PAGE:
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Suzdal mega-post, part VI

August 6, 2009

215km SE of Moscow lies the village of Suzdal (??????????????, if you’re looking at a Russian bus schedule). It is about two km long by one wide and consists solely of the dachas of Muscovites, one kremlin, three fortresses, and no fewer than 64 churches, cathedrals, temples, monasteries, and other onion-domed marvels (and ten more surrounding the village in the countryside). I arrived at two in the afternoon after a marathon series of trains, metros, buses, and marshrutkas, with the single goal of stopping in front of all 64 sites. Shouldn’t be impossible in a village of two square kilometers, right? Due to the lazy Kamenka River winding it’s way through the center of town, the maze of ancient cobblestone streets, the muddy paths through pastures, the nonsensical locations of the four bridges crossing the river, and the biblical downpour that decided to strike at five, I was forced to give up at eleven. My clever route through the village, however, left the two remaining-to-be-seen sites along the short walk to the bus station in the morning.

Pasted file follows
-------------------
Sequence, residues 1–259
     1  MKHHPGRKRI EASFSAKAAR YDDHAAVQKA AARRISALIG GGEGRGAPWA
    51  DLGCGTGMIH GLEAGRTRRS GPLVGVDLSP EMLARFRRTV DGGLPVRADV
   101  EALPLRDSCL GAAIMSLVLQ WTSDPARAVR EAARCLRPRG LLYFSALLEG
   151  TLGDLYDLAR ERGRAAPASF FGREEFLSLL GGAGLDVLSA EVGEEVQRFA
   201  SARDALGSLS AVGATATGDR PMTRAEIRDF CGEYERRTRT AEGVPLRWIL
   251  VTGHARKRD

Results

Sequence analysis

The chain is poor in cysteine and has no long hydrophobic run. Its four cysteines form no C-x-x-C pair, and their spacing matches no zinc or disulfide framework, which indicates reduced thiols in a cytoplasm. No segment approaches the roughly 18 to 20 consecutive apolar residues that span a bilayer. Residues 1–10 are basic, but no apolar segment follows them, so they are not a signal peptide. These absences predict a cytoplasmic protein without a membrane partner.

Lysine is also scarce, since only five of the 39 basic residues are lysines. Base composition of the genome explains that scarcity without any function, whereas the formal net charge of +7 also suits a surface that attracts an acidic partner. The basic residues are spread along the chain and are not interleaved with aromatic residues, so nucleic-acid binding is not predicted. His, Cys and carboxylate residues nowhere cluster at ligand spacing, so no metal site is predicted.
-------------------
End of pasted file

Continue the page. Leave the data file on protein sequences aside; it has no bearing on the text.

Suzdal’s kremlin was built in the 11th century, the largest monastery in the 13th, and the majority of the rest in the 16th, 17th, and 18th centuries, funded largely by Ivan the Terrifying (or Terrible if you prefer the mis-translated but more common nomenclature). Bypassed by the railroads and protected by the Soviet government, Suzdal is remarkably well-preserved by any standards and especially so by Russian.

 As one of the very first guests in the just-opened but still-under- construction Godzillas Hostel, I can tell that this place is about to explode with tourists. A few upper-end hotels have opened in the last year but Godzillas is the only budget-to-mid-range place. If you arrive on Wednesday or Thursday, you’ll be greeted by the British manager James, but if, like me, you arrive on any other day then you’d better know at least a bit of Russian because James’ right-hand-man Vassily’s English is limited to wild gestures and smiles. One word of caution: this village has hundreds of roosters wandering the streets who, like roosters the world over, enjoy a good cock-a-doodle-do at first light. Unfortunately, first light in the Russian summer is torturously early.



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